Bullet hell, interrupted.

Hopefully this intrigues most of you readers, though make no mistake; Trouble Witches can be enjoyed on a lot of levels. I happen to like shooters with deep play mechanics and scoring systems that take time to appreciate and master, but if that all goes over your head, you still have a very fun game on your hands.

And did I mention that Trouble Witches has cuteness in spades? From the character art to the music to the interactions in story mode, you can't help but be immersed in the adorable nature of this game. My favorite character, Sakurako, is a foreign girl who dreams of becoming a witch just like the magical girls on her favorite anime shows. The main character Pril is a witch in training with one of those Japanese green and yellow 'beginner' marks on the end of her wand. I could go on, but they're all about as lovable as a tub of bunnies. Their Japanese voices also are very competently done and don't get repetitive, though the animal companion noises as they constantly toggle the magic field on and off might. While there are also English voices available, they are sadly quite bland and phoned-in, and best switched off immediately.

One of the few other tiny complaints is that the game does not explain itself quite as well as it should. When you go to arcade mode and start a game you are offered to watch a 70 second full tutorial, 30 second brief tutorial, or to go straight to the first level. These options are absent in the 360 mode that most players will likely go to first. I'd highly advise any new players to watch the full tutorial before playing, and it should have been in 360 mode.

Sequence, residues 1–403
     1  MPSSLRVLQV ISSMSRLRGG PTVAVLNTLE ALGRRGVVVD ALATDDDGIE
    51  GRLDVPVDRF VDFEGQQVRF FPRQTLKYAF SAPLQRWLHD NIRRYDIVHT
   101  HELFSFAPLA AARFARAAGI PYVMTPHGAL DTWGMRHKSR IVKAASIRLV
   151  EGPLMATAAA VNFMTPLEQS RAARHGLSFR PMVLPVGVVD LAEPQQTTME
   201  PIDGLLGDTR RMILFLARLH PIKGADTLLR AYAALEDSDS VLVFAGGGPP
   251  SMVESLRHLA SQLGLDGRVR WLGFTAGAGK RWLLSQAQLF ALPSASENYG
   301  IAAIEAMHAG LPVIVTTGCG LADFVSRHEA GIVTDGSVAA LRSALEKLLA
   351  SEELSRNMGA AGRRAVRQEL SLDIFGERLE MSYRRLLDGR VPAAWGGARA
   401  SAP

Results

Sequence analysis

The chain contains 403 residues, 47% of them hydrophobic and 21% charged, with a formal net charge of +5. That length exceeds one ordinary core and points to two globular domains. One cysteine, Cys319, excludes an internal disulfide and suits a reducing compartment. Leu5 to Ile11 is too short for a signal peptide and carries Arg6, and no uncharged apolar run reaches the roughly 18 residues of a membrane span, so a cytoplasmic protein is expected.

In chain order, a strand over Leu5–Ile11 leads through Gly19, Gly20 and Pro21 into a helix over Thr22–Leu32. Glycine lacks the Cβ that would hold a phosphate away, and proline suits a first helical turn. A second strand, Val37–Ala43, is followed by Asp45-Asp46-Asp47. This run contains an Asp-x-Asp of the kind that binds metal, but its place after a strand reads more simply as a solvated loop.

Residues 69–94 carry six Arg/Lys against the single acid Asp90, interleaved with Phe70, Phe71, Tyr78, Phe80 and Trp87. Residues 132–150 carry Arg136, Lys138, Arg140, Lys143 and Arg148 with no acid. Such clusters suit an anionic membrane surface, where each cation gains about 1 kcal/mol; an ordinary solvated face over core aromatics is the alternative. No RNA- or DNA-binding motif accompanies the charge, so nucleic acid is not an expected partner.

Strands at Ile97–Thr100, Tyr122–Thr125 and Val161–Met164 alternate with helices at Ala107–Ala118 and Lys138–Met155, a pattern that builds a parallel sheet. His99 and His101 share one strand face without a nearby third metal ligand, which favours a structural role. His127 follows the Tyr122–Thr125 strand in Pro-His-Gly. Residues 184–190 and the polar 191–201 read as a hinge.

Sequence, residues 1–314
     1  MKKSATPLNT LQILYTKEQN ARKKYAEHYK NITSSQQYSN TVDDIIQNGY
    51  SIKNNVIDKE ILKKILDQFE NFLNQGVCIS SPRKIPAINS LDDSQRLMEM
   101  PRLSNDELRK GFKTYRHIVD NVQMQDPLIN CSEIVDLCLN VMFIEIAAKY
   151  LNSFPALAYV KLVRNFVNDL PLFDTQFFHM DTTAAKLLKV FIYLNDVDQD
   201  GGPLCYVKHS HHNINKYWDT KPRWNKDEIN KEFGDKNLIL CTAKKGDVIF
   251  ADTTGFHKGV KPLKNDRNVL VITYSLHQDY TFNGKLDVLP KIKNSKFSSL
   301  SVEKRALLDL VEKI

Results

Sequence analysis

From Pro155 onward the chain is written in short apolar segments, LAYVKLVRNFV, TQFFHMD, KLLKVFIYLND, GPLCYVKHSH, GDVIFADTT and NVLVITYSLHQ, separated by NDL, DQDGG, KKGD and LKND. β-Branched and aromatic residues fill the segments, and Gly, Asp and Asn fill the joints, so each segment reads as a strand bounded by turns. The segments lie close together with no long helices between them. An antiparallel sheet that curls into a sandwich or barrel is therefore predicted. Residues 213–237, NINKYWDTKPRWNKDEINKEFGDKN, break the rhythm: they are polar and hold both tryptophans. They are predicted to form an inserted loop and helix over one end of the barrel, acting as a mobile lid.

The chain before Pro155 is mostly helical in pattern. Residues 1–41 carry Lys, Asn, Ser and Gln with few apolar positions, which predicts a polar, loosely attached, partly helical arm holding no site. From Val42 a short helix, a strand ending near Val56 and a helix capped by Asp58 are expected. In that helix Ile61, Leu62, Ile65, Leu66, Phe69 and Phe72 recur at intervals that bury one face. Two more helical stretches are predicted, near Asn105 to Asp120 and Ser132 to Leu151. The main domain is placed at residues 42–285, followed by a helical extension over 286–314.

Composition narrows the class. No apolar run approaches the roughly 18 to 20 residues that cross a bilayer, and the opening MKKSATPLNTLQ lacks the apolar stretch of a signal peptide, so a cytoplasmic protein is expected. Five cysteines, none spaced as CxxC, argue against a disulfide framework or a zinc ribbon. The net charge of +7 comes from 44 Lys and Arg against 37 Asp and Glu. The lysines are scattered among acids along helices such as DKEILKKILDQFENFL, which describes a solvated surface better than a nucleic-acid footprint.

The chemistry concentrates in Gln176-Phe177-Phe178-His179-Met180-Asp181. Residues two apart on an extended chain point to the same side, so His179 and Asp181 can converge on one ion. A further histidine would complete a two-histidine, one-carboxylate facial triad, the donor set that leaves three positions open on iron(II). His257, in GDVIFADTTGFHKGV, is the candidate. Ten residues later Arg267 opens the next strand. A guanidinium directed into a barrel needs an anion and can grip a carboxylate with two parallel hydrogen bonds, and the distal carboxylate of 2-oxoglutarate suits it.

Character select.

The nine playable characters all have different statistics as far as their shot strength, movement speed, and MP recovery, though these stats are buried in the How to Play screen. It would be more helpful if these were shown on the character select screen, as the amount of information presented is awfully hard to memorize.

That being said, each of the nine characters plays differently enough to be interesting. Nobody felt obviously underpowered, though some characters would need more practice to understand how best to use them. Each character has a unique opening and interactions with the stage bosses, so playing through the game as everyone is a treat instead of the chore it is in some games with loads of characters.

Similarly, each of the stage-end bosses behave very differently, requiring different tactics to defeat. Each area feels very fresh due both to the boss variety, the dramatic changes in scenery, and the steadily increasing difficulty.

Ultimately, Trouble Witches NEO is a cute game full of depth and appeal, and only a few minor problems prevent this release from being a flawless shooter.

Score: 9.0 - Fantastic. Negligible flaws. Otherwise very, very good; a fine example of excellence in the genre.

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reviewed by Tyler Jones

 

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Tyler Jones
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Filed under... #reviews #Video games #xbox 360 #Xbox Live Marketplace